Lower extremity nerve pain, or weakness associated with nerve dysfunction, is experienced by people of all ages and demographic backgrounds. It most often occurs in middle age or later. It can also be the result of injury that happened earlier in life. Many times it is related to an underlying metabolic disease such as diabetes, thyroid conditions, or others. There are a number of causes of lower leg and foot nerve pain. Often, these common problems go undiagnosed or misdiagnosed because symptoms can be so varied, and because the onset of symptoms is sometimes very slow.
Common Foot, Heel, and Ankle Nerve Pain Conditions
Neuropathy is nerve damage that generally results from a systemic disease. Diabetes, thyroid problems, lupus, rheumatoid arthritis, Sjorgren's syndrome, and celiac disease are just some of diseases that can contribute to nerve damage. The most common form of neuropathy is diabetic peripheral neuropathy; up to 30% of the cases of peripheral neuropathy are caused by this disease.
Tarsal Tunnel Syndrome: AKA Nerve Entrapment
At the inside of your ankle, a nerve divides into branches and crosses from the leg into the foot through a series of tunnels. This main nerve is called the tibial nerve, and it branches out to the medial and lateral plantar, and the calcaneal nerves. Sometimes, when the ankle moves the nerve gets pressed. When the nerve gets pressed, blood flow to the nerve decreases, and the nerve sends a message of numbness and tingling, or buzzing of the foot/toes. This is very common in patients with diabetes because elevated blood sugar can make the nerve swell. If the nerve gets too big, it gets pinched going through its tunnel, causing symptoms to be felt on the bottom of the foot.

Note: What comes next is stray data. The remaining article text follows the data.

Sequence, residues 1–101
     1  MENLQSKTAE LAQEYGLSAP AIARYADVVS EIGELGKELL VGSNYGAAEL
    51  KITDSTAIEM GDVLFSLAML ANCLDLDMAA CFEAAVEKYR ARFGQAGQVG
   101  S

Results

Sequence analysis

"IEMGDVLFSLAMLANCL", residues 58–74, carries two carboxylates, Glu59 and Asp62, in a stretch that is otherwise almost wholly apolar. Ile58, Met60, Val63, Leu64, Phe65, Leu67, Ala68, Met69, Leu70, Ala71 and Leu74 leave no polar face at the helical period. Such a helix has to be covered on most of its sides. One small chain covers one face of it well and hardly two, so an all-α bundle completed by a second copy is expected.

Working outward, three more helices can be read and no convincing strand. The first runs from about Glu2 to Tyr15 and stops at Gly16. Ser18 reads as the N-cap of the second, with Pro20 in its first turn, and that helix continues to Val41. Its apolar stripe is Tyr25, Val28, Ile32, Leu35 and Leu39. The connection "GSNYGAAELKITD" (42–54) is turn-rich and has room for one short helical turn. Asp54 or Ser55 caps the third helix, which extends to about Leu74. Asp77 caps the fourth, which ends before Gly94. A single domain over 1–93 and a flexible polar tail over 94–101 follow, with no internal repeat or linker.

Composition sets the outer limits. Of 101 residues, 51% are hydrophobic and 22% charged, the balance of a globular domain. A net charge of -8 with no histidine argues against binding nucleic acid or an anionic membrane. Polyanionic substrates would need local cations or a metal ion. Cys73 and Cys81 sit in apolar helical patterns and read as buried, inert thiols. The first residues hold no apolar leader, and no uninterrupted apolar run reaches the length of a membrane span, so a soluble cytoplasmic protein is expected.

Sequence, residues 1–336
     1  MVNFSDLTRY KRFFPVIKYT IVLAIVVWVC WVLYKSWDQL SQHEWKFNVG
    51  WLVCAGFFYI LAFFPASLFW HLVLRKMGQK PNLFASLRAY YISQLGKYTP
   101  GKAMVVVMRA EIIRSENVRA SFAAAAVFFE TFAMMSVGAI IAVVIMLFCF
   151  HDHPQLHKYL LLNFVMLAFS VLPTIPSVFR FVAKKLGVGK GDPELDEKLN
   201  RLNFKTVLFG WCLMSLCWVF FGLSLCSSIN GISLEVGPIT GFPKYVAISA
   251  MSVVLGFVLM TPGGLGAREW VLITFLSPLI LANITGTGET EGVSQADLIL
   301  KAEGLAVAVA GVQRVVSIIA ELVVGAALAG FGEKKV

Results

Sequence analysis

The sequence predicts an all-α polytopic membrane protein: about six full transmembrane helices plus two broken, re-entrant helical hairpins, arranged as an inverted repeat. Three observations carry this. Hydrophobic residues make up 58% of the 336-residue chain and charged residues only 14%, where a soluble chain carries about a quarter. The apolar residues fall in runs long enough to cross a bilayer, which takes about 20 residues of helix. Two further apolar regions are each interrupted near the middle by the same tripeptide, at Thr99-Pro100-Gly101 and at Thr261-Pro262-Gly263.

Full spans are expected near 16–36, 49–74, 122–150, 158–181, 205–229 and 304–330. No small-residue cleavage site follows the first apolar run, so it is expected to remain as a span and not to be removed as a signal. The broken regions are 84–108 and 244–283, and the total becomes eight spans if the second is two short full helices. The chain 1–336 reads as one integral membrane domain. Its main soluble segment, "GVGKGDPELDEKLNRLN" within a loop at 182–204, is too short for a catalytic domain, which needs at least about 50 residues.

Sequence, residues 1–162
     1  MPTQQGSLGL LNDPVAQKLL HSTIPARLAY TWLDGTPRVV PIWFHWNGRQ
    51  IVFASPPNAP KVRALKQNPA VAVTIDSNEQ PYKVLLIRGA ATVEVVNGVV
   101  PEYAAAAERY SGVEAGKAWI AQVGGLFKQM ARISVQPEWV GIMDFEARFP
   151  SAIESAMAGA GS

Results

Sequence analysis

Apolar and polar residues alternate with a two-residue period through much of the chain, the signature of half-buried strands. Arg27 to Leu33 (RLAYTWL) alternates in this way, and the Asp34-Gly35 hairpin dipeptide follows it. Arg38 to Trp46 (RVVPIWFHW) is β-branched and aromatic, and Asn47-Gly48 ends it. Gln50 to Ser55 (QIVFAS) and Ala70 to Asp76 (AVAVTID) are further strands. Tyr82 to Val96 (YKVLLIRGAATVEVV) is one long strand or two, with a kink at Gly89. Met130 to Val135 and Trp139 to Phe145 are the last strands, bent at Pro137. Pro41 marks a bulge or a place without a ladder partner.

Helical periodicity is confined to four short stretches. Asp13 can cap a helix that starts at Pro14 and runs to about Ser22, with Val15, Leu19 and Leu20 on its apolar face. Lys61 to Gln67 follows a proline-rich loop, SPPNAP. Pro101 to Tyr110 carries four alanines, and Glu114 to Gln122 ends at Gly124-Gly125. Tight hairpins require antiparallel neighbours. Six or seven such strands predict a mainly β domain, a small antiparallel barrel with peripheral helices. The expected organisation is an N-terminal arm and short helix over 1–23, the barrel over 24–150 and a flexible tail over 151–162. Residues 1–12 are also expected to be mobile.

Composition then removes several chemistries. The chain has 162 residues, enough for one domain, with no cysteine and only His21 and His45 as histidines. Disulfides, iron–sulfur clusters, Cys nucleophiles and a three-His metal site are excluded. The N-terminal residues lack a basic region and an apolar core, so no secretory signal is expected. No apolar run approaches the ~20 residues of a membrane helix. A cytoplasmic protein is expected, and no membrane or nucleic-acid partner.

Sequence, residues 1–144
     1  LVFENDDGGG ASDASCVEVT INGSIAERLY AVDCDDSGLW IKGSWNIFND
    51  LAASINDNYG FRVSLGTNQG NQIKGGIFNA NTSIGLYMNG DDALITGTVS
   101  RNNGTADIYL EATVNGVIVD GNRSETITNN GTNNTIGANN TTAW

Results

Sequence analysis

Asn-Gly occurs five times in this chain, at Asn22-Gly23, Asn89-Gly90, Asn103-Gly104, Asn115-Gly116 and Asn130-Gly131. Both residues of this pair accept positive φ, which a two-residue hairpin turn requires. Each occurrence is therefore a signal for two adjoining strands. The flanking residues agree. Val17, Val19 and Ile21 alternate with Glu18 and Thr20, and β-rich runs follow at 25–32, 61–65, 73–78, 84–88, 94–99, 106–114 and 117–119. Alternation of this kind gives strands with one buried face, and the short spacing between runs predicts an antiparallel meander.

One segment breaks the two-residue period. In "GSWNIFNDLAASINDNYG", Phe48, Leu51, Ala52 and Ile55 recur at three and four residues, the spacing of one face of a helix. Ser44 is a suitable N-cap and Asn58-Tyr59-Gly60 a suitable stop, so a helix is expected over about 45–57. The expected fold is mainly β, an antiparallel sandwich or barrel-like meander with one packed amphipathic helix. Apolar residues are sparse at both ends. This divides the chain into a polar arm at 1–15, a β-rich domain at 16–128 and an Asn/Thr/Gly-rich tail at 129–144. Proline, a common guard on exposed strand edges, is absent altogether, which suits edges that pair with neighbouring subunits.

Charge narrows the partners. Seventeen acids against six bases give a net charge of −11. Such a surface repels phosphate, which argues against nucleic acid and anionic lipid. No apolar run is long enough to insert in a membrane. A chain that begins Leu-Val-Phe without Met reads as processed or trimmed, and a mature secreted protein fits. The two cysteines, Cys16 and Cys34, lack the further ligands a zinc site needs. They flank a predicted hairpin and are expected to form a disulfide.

Compression of the sensory nerve between the metatarsals is a very common condition of the foot. The symptoms most people complain about are burning, numbness, cramping, and ball of foot pain. Interdigital neuroma can occur between any of the toes. With an interdigital neuroma, the burning, numbness, and cramping are often felt on the top of the foot.
When other non-operative treatments fail and compression of the nerve is playing a role in the nerve dysfunction, surgery may be the best option. Sometimes nerve disease is like sleeping on your elbow wrong. You wake up and your hand is numb or tingling. The nerve is just always being compressed. Nerve decompression surgery allows the surgeon to open the tight area through which the nerves pass by dividing the anatomical structures that encase the nerve. Surgical procedures can be performed in the comfort of our Olympia Surgery Center.
Dr. Silvester has additional certifications in nerve surgery. He has undergone specialized training in the treatment of painful nerve conditions. The organization called The Association of Extremity Nerve Surgeons (AENS) provides advanced training in the medical, physiological, and surgical treatment of nerve conditions. Through this organization and other ongoing medical education, Dr. Silvester chose to specialize in the treatment of these difficult and perplexing conditions. Dr. Silvester achieved adequate surgical experience and demonstrated proficiency in the procedure, and is now a Fellow of the Association of Extremity Nerve Surgeons.
At Next Step Foot & Ankle Clinic we are very exited about the many treatment options for nerve pain and that we have the very latest technologies available in our offices. What sets us apart is a multi-pronged approach in treating nerve pain that helps heal the nerve. We hope you consider Next Step Foot and Ankle Clinic as your next step for healthy feet. My staff and I will do everything we can to treat your condition, eliminate your pain and make you feel at home. Get help now; call 210.375.3318.